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Constellation Brands gets big welcome as anticipation builds for boost it could give downtown

Gov. Kathy Hochul gestures while speaking before an image of Constellation Brands new headquarters during a ceremonial grand opening for the offices on Monday, June 24, 2024.
Max Schulte
Gov. Kathy Hochul speaks during a visit to Constellation Brands new headquaters in Rochester for a ceremonial ribbon cutting on Monday, June 24, 2024.

During a ceremonial ribbon cutting on Monday at Constellation Brands new headquarters officials celebrated the riverfront complex for all its splendor.

And what the offices symbolize.

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“We are welcoming the first Fortune 500 company to downtown Rochester in decades,” Mayor Malik Evans said, repeating “in decades” as applause filled the room.

“They said, ‘Yes ... we believe in the vitalization of Rochester. Yes, we believe in Rochester’s people.’ But more importantly,” Evans continued, “they said, ‘Yes, we believe in Rochester’s future.’”

Constellation Brands opened its downtown offices three weeks ago. More than 300 staffers are now based there – and are expected to provide a significant boost to downtown business. But with flexible work schedules it was not clear how many are in-office or remote each day.

“They're trickling over slowly,” said Anthony Natalie, who runs Galleria Pizza, which recently marked 30 years downtown. “I think they're all just kind of ... getting acclimated to their surroundings."

The company expects to begin moving in Tuesday, with the first in-office workday set for June 4.

Natalie joked that the new offices were so nice, employees might not want to leave. But as he spoke a first-time customer who said she works at Constellation waited for her order. Natalie and his staff took menus over to Constellation's offices in an effort to draw workers to the East Main Street restaurant.

“It's definitely a big thing,” Natalie said of the headquarters opening. “I mean, it's a lot of people. And if it wasn't for that fact, I would have to start thinking about other strategies, because the buildings that I'm in right now are all empty, regretfully, because of COVID.”

Vacancy is up downtown and in office buildings nationwide. And that leads to empty storefronts. But Dana Miller, the city’s neighborhood and business development commissioner, is hopeful Constellation can help turn that around.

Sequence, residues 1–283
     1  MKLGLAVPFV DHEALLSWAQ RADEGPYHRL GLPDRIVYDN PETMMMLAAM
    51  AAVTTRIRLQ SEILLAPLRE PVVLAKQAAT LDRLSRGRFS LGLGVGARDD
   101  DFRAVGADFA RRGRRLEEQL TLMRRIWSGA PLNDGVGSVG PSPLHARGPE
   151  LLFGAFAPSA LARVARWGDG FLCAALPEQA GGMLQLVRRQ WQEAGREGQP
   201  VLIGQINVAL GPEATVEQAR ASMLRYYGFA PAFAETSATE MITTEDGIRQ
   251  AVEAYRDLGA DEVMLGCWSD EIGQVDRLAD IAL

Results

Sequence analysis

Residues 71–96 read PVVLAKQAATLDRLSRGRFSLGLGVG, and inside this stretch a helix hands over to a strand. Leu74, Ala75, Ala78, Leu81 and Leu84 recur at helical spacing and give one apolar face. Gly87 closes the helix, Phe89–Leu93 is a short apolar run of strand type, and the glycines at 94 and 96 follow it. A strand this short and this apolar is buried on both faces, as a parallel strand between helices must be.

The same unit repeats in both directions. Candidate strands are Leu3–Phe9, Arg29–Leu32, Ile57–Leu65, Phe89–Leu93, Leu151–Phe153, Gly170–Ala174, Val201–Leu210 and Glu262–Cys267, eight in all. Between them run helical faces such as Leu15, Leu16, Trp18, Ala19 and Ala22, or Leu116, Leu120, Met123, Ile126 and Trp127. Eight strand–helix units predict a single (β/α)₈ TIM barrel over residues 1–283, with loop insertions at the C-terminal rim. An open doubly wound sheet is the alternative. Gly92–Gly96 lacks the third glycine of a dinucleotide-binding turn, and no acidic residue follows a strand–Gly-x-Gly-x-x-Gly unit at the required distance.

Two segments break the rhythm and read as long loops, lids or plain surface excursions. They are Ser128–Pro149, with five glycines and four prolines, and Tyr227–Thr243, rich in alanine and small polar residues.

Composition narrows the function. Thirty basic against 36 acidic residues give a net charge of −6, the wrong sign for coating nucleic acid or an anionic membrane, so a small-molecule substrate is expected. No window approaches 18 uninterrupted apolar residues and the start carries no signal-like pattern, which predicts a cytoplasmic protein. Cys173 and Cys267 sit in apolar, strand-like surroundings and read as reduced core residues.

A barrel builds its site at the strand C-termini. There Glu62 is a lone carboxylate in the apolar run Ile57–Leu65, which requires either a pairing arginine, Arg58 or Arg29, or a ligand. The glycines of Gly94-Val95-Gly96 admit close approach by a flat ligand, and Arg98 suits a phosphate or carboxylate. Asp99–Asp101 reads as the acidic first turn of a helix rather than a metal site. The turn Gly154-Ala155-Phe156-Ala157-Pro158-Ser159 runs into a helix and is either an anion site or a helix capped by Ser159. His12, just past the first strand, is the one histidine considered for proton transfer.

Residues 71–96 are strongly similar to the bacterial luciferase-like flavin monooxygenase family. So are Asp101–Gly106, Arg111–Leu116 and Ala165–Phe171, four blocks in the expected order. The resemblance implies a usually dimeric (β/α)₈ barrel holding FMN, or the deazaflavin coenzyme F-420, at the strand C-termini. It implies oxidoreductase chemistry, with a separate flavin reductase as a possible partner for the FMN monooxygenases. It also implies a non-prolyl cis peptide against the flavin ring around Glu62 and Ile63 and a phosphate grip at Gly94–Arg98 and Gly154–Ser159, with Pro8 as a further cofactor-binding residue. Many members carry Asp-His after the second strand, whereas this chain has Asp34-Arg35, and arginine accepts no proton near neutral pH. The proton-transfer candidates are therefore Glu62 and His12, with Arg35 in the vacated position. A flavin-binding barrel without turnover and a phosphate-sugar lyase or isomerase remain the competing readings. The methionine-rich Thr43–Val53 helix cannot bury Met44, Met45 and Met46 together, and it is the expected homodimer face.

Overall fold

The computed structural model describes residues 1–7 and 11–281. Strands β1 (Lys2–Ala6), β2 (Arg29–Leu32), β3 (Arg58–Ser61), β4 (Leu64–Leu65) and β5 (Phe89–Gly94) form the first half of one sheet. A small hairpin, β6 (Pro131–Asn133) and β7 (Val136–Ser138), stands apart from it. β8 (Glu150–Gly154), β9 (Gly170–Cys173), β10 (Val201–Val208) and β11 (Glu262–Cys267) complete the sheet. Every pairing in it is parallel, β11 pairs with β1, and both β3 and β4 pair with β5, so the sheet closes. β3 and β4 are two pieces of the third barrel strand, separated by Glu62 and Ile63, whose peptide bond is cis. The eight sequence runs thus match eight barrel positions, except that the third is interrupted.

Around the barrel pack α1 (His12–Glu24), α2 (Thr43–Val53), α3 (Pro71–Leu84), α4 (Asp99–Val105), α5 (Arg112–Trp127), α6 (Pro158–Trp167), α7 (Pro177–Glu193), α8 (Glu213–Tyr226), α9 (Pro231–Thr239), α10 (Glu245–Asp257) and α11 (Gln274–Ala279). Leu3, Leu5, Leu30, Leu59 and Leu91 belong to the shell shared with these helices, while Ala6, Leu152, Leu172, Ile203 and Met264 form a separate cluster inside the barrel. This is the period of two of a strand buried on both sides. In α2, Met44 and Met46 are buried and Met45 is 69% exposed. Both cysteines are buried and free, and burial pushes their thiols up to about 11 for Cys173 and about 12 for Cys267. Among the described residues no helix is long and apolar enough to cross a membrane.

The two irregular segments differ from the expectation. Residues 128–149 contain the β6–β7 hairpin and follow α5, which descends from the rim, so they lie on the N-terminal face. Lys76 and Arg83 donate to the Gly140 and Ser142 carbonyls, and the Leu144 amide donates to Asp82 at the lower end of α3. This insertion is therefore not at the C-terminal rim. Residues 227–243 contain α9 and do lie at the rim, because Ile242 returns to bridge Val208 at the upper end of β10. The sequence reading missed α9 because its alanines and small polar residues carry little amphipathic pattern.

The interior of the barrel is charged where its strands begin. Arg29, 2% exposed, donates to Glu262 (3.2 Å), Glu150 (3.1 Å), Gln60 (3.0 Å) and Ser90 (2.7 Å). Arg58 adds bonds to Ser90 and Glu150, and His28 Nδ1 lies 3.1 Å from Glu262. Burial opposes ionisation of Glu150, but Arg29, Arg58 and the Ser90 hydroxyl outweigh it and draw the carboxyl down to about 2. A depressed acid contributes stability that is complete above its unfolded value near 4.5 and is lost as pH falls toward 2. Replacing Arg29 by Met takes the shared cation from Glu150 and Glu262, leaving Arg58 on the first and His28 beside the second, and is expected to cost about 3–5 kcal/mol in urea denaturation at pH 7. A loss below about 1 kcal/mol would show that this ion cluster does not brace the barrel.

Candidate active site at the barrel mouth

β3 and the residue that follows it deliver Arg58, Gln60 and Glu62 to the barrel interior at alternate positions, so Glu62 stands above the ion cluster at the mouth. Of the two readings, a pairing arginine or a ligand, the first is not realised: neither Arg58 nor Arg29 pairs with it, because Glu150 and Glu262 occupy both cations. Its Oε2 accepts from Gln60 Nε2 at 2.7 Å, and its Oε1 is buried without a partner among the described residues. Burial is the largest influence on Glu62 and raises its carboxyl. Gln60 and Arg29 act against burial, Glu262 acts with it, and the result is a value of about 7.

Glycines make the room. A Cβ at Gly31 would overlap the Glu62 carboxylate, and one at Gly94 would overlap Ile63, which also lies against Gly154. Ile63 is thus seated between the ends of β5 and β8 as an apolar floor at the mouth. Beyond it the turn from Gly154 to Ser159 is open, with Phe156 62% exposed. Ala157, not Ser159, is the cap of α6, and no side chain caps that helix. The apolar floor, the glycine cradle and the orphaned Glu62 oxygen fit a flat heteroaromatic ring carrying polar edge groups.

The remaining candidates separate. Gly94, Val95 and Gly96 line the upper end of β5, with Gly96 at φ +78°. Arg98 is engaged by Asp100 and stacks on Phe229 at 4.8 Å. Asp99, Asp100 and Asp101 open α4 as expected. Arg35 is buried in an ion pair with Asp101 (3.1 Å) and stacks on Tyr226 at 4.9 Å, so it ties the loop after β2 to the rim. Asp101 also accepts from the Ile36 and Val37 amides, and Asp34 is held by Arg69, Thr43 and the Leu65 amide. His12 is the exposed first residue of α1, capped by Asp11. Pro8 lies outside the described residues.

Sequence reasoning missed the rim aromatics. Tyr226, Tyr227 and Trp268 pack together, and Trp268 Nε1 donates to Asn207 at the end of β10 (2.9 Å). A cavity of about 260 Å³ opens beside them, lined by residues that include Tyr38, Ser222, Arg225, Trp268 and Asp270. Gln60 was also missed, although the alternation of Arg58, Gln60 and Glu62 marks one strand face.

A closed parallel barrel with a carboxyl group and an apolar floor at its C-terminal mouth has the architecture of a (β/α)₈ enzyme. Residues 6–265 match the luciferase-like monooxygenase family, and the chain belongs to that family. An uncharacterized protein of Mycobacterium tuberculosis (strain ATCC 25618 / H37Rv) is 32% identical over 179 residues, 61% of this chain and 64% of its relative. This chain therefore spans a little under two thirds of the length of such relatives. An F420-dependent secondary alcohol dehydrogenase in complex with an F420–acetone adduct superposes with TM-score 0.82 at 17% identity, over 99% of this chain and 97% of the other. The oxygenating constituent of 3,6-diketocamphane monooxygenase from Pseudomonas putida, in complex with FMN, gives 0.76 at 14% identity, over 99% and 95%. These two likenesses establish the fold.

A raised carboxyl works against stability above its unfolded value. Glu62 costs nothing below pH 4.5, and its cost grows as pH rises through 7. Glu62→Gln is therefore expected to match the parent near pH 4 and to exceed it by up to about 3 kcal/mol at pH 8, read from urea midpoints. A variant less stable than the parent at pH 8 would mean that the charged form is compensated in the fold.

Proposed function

“And we're hoping to see some growth in restaurants in the area now that they know there's more built-in customer base,” Miller said.

“We have an empty storefront down the street that used to be a coffee shop, it could certainly very easily become something like that again," he said, going on to list off other places that are still open but have been struggling. "There are significant business opportunities, we just have to get more feet on the street ... (get) these folks out of the building, every day."

Constellation Brands retired board chairman and former CEO Rob Sands smiles at a ceremonial ribbon cutting for the company's new headquarters in downtown Rochester on Monday, June 24, 2024.
Max Schulte
Constellation Brands retired board chairman and former CEO Rob Sands joined Mayor Malik Evans (left), Monroe County Executive Adam Bello and Sen. Jeremy Cooney (right) at a ceremonial grand opening and ribbon cutting for the company's new headquarters in downtown Rochester on Monday, June 24, 2024.

Directing her remarks to the younger workforce, including recent college graduates, Gov. Kathy Hochul quipped that remoted work is “so yesteryear.”

“You're not gonna get a date sitting in your basement, OK?,” she said, and was greeted with laughter. "I can say that. I married a guy I met at the workplace when I was a teenager, so it does happen.”

But there is good economic reasons for getting people back in the office, she said, and it goes beyond workplace dynamics.

“It feeds on not just what happens in these buildings, but also out in the streets, where people are walking the streets, going to activities after work, stopping at a local bar,” she said. “All of a sudden, it all starts clicking again.

“That's why this project matters so much at this time.”

That vitality is needed to attract and retain workers and residents, officials said. It’s why the city and state are investing heavily in revitalizing the waterfront and assisting further renovation of remaining, vacant structures.

That, in turn, is helping downtown become the city’s fastest-growing neighborhood, Evans said, numbering 10,000 residents.

“The Genesee River is becoming a ribbon of vitality, and it flows right outside this building,” the mayor said. But “it's more than just a riverway that's transforming. We are re-constructing Main Street and erasing all of that blight ... reclaiming the Inner Loop and the Bull's Head Plaza. All these things relate, and they are all stitched and tied together. And Constellation Brands is part of that puzzle.

“There's so much to celebrate.”

The first of four major environmental cleanups is well underway in the Genesee River gorge.

Brian Sharp is WXXI's investigations and enterprise editor. He also reports on business and development in the area. He has been covering Rochester since 2005. His journalism career spans nearly three decades.